Every day is Earth Day when you’re vegan »
For Earth Day this year I celebrated by attending Berkeley Vegan Earth Day, hosted by eco-friendly event planner Karine Brighten. Though you may be thinking, “Earth Day was soooo last week, why are you getting around to this now?” I have two reasons: One is that I am a slacker. Two is that it doesn’t matter because EVERY DAY SHOULD BE EARTH DAY! And the information is still relevant!
What was special about this particular Earth Day event was the link Brighten emphasized between veganism and its positive impact on both animals and the environment, as well as exploring “reasons and ways to take that commitment even further.” Mission accomplished, girlfriend!
Berkeley Vegan Earth Day included a screening of the documentary Call of Life: Facing the Mass Extinction, followed by a panelist discussion and catered reception.
To put it mildly, Call of Life was intense. Really, read its tag line: “If current trends continue, scientists warn that within a few decades at least HALF of all plant and animal species on Earth will disappear forever.” We live on a planet full of ecosystems that depend on each other for survival. When one species, whether plants or animals, begins to dwindle or become extinct, it causes a ripple effect to which human animals are not immune. The scientists, anthropologists, philosophers and psychologists featured in this documentary are hypothesizing that if we don’t fundamentally change our behavioral and societal patterns (RIGHT NOW) we are going to contribute to both the extinction of the plants and animals on our planet as well as ourselves.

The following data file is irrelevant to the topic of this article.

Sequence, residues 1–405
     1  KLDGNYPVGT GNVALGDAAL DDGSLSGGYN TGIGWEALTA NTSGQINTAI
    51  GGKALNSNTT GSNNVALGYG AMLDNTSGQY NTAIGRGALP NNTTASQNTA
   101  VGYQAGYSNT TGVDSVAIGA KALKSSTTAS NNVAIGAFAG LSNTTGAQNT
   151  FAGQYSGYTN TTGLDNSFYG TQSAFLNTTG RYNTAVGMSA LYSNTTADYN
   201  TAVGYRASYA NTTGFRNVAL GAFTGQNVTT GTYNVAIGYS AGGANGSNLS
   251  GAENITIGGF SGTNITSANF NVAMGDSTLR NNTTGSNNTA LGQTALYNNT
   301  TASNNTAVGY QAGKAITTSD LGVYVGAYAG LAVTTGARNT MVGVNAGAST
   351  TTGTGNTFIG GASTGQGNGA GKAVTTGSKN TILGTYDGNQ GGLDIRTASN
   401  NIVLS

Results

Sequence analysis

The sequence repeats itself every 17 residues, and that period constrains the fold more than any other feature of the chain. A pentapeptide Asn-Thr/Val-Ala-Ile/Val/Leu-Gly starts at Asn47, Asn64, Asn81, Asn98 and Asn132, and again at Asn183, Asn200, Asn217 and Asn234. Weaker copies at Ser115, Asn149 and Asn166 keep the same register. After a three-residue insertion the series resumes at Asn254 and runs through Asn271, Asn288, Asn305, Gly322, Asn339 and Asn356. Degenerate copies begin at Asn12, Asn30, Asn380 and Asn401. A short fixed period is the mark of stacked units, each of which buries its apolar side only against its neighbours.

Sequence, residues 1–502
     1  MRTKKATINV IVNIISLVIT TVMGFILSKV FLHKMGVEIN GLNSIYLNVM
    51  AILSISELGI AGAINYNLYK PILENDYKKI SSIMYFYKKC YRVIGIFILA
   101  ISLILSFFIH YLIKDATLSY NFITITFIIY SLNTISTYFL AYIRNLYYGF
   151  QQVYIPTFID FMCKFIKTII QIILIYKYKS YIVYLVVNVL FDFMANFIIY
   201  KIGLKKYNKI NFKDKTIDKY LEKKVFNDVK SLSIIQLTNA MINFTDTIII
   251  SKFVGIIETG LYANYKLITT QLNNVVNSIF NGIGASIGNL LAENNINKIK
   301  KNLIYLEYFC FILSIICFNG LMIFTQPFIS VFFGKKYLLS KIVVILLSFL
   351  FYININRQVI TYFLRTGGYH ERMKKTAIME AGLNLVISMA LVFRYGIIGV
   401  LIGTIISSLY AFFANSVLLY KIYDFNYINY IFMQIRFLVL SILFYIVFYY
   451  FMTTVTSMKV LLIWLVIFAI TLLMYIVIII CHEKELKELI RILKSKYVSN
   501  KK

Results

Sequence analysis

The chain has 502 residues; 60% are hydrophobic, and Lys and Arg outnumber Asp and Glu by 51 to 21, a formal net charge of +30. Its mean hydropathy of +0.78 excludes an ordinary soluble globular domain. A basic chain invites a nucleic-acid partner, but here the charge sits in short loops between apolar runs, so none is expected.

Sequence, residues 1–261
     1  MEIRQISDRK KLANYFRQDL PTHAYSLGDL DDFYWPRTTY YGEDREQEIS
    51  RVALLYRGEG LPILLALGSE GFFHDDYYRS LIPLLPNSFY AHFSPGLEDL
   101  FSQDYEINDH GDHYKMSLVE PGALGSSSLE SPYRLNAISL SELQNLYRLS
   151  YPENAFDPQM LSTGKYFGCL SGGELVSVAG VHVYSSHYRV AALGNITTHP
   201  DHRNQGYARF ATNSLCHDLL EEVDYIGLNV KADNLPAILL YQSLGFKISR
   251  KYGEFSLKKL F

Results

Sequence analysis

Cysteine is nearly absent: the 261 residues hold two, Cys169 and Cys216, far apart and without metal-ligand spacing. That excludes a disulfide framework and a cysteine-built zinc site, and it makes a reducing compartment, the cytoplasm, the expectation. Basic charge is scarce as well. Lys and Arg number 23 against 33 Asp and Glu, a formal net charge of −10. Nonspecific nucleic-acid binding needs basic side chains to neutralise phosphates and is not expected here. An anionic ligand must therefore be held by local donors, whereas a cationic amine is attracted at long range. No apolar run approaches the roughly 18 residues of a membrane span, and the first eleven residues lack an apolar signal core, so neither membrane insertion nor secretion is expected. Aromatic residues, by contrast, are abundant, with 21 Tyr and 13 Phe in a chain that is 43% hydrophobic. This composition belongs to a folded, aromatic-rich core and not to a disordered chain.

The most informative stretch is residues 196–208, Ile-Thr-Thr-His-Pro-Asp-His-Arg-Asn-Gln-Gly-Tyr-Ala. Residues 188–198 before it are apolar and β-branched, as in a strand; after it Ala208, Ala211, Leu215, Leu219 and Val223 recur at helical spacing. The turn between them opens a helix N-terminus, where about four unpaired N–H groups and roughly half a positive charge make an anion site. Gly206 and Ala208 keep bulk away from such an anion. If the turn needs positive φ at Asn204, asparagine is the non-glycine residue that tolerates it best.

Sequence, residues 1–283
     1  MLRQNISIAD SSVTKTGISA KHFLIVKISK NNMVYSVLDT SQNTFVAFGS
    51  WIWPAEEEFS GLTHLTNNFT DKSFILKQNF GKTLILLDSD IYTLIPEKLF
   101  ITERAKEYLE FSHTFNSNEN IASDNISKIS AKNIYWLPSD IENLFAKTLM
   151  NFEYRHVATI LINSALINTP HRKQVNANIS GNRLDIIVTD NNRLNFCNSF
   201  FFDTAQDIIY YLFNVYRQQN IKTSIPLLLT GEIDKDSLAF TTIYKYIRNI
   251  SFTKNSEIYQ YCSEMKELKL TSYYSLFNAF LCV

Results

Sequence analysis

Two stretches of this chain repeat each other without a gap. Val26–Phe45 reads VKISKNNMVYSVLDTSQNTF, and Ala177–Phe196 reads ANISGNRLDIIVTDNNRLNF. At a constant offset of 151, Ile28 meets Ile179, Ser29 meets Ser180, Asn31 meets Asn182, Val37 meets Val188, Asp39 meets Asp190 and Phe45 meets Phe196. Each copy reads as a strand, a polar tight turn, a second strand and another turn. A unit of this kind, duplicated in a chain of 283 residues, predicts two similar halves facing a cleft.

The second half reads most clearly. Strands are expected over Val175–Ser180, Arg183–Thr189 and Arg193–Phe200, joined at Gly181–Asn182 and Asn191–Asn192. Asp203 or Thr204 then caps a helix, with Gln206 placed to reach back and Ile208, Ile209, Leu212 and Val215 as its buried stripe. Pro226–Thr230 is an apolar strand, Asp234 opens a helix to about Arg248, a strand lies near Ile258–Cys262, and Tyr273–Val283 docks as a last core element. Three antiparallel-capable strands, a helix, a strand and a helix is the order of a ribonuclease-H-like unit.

Another point this movie touched upon was that as humans, we are not oblivious to this going on around us and may suffer from feelings of terror, anger, and despair. Yet our society is adept at pushing consumerism as a way to suppress those feelings, or block them out entirely. We buy the things we “deserve” to feel better, and indulge in meat though we know factory farming is vicious and inhumane, as well as a direct reason for clear-cutting rain forests. The longer this movie sat with me, the more powerfully my thoughts centered around throwing myself off my second-story balcony, but then I remembered I was hosting Easter this year, which would hopefully save at least one pig sent for slaughter this spring (nothing like an agave-brown sugar seitan roast). Activism, people! It saves lives!